‘4-H for grown-ups’ has inaugural ‘meeting’

More than a dozen adults checked out what “4-H for grown-ups” looks like last Thursday at Deal’s Orchard. Part of the Greene Living series, Greene Plate explored local foods, with a focus on growing apples and hops. Like most 4-H meetings, the evening included food, education, and a fun activity.

The evening began with heavy hors d’oeuvres prepared by Hy-Vee and complimentary tasting of Deal’s hard cider. Speaker was Dr Diana Cochran, professor of horticulture at Iowa State University.

Dr Diana Cochran

Cochran has first-hand experience growing hops. She said Iowa is not the ideal climate for growing hops, but some producers are able to. She recommends people do very careful research before planting hops (hops grow from rhizomes or cuttings, not seeds) because of the high start-up and input costs. Inputs can be as high as $12,000 to $15,000 per acre.

Hops are trellised and can grow up to 18 feet. Cochran said she has seen them used to provide shade for a porch, and then they’re cut down at the end of the summer.

The discussion of apples, cider and the impact of hard cider on the apple industry was lively, with attendees asking questions freely.

The Deals aren’t following the same path as commercial hard cider producers, as they’re using “dessert” varieties- the same varieties the Deal family has grown for decades. The “English” varieties grown for hard cider are bitter, Cochran said, almost like crab apples, and she’s uncertain if they would grow well in Iowa.

Most attendees were surprised to learn that Deal’s regular cider is not a consistent product throughout the season. The summer varieties are more tart than later varieties, and as the season progresses, the Deals blend tart and sweet varieties “to taste,” much like a chef adds seasoning. But, in general, the cider is a bit sweeter later in the season.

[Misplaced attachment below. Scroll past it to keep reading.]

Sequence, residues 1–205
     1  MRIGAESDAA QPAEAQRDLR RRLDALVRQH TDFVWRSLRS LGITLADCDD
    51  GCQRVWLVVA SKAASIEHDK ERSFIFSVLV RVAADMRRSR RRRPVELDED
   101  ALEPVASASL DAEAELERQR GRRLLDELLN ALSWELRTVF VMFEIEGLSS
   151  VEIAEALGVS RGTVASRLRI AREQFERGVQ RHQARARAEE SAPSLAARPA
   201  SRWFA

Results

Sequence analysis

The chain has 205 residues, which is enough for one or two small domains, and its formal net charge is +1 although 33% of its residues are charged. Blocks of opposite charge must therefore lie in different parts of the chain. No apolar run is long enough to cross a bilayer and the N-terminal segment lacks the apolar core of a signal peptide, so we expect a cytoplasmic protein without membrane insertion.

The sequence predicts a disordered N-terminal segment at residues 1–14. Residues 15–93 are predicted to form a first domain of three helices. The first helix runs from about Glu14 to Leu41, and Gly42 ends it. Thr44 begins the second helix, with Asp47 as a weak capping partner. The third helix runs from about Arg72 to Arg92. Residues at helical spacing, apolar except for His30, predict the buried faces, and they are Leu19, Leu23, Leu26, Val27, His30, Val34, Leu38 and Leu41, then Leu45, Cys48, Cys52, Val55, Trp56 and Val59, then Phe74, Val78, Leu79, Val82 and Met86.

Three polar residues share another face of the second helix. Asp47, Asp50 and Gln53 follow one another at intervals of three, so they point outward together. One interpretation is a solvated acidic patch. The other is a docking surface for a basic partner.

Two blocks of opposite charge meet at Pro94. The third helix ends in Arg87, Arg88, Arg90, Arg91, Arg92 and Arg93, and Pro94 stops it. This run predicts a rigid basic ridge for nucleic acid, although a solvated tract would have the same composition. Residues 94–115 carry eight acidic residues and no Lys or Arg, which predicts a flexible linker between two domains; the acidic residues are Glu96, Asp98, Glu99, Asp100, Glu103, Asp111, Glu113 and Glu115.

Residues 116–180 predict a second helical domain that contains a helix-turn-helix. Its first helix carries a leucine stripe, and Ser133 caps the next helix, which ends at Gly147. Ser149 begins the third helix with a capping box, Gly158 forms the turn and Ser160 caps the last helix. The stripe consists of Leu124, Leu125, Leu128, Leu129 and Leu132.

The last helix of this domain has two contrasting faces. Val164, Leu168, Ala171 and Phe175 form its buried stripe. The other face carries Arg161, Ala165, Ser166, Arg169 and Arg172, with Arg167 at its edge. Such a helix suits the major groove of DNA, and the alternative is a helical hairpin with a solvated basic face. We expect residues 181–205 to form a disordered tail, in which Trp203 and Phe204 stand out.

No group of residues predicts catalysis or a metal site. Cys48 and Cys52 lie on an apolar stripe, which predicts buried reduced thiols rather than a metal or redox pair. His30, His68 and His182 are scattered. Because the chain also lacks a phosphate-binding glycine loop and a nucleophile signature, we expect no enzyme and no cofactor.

Attendees were happy to hear that the Deals are expecting a very good crop this year. Jerald Deal said that barring a harsh wind storm or early freeze, they hope to pick into November. He thinks they’ll have apples in cold storage to sell retail through March, and perhaps apples to keep pressing for cider until next summer.

Benji Deal was tour guide as Jerald Deal drove the tractor

Benji Deal, the eldest son of Jerald and Cindy Deal and the person behind the hard cider business, said they’re looking for a harvest of 16,000 to 18,000 bushels. For comparison, the orchard harvested only 6,000 to 7,000 bushels last year.

4-H meetings generally include some sort of activity, and grown-up 4-H did, too. After Cochran’s discussion, people boarded a new hay rack for an evening tour of the orchard. Jerald Deal was happy to show the wheelchair lift on the wagon, another new feature this fall.

Upcoming events in the Greene Living series include Wine and Cheese 101 on October 19, cooking for the holidays, avoiding holiday stress, and healthy eating. To register please call Greene County Extension at 515-386-2138, email xgreene [at] iastate [dot] edu, or visit the office at 104 W. Washington St in Jefferson.

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